DS07 - Société de l'information et de la communication

Event-based VIsual SERvoing – e-VISER

dextAIR, a new concept of aerial manipulator with elastic suspension


When cable-driven parallel robots meet aerial manipulators, or how to merge large working space, dexterity and low consumption

When a drone (or unmanned aerial vehicle) has to operate on its environment, it is called an aerial manipulator. These robots embed a robotic arm or a gripper to allow the grasping or the transport of objects. Aerial manipulators combine the large working area capacity of drones with the dexterity and accuracy of robotic manipulators. Nevertheless, they consume a lot of energy to compensate for gravity during flight, which considerably reduces their autonomy when operating on battery.<br />Cable-driven parallel robots have an end effector connected to a frame by cables, whose length can be changed to control the position and orientation of the end effector. They have a smaller working space due to the limited length of the cables that operate them, but consume much less energy in return since cables compensate for gravity.<br />The idea then emerged to suspend an aerial vehicle with an elastic cable, thus combining the advantages of both types of robots. The result is the dextAIR robot, an aerial manipulator with elastic suspension.

The dextAIR concept was extended to six degrees of freedom using an omnidirectional aerial manipulator, and the mechanical design simplified with a single cable that connects the manipulator to a possible robotic carrier. In addition, a low-stiffness spring replaces the traditional cable+winch system in cable-driven robots, resulting in reduced power consumption, dynamic decoupling, and mechanical simplicity of the assembly. The robot was designed with off-the-shelf technologies in a parsimonious engineering effort.
The manipulator was suspended to a fixed carrier, anchored to the ceiling, and then suspended to a robotic carrier. The latter extends the robot's working space, previously limited around its equilibrium point due to the spring's restoring force, while reducing energy consumption as the carrier moves the manipulator's equilibrium. Experimental prototypes have demonstrated millimeter accuracy and fast dynamics of the manipulator, as well as a significant reduction in energy consumption.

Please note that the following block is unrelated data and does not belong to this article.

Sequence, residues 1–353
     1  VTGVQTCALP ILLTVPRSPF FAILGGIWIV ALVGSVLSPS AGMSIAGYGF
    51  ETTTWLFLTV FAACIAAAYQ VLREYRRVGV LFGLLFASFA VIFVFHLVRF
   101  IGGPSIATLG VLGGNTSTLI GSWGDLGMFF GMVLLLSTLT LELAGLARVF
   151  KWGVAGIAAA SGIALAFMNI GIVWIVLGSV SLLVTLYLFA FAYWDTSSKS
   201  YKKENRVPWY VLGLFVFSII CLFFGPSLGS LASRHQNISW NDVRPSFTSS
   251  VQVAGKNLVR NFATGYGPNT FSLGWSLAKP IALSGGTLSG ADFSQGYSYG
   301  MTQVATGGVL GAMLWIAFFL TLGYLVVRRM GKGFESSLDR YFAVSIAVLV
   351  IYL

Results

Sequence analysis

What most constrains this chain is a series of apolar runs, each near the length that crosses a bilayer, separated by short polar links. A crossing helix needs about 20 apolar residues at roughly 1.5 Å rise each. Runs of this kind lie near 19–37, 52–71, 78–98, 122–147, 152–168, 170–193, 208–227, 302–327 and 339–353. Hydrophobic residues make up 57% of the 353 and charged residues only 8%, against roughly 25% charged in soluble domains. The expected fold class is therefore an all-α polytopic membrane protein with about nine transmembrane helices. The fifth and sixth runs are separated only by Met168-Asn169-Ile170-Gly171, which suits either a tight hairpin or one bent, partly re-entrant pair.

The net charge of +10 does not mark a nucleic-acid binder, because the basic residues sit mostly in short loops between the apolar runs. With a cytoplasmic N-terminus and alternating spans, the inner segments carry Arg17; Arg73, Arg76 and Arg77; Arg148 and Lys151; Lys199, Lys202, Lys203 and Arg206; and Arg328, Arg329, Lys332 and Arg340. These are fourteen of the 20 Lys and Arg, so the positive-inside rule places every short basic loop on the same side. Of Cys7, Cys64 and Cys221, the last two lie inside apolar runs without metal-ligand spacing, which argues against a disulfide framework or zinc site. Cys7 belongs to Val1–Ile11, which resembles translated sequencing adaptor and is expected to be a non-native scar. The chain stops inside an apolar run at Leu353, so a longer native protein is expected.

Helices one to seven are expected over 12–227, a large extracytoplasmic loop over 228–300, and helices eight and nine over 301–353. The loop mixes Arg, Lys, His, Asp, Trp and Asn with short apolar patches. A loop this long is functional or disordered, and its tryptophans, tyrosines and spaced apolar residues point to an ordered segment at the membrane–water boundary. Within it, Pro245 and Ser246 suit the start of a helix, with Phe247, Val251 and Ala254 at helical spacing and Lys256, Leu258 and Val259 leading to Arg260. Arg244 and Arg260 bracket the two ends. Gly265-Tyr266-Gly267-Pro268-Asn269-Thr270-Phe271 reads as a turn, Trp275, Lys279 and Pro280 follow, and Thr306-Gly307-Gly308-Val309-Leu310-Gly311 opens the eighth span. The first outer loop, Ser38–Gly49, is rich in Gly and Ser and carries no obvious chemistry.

Nonlinear predictive control strategies have been developed and implemented for different configurations. These strategies allow to dynamically solve an optimization problem in real time by taking into account actuator constraints or energy constraints. These advanced strategies have clearly helped to maximize the performance of the closed-loop system (in terms of speed, accuracy, workspace, offset free, respect of constraints...) and to drastically reduce the energy consumption, compared to more classical control approaches.

The development of the dextAIR robot as well as the topics addressed during the project will continue through 3 new ANR projects: navigation of a drone in a dark environment (dark-NAV), street art by drone (STRAD) and urban micro-climatology (TIR4sTREEt).

The project allowed the development of 3 prototypes of the dextAIR robot, 2 softwares for the low-level control of the robot, and the publication of 2 international journal articles and 7 international conference papers.

Visual servoing techniques allow to guide a robot with the use of cameras as the sole sensors. The principle consists in acquiring, processing and analyzing digital images, frame by frame, with the aim of extracting features to produce data that will be understandable by the robot, in order to take appropriate decisions for its motion. This field significantly contributes to the development of autonomous robots. However, new methods are mandatory because classical techniques are too resource consuming and barely exploit the dynamic characteristics of the perceived scene.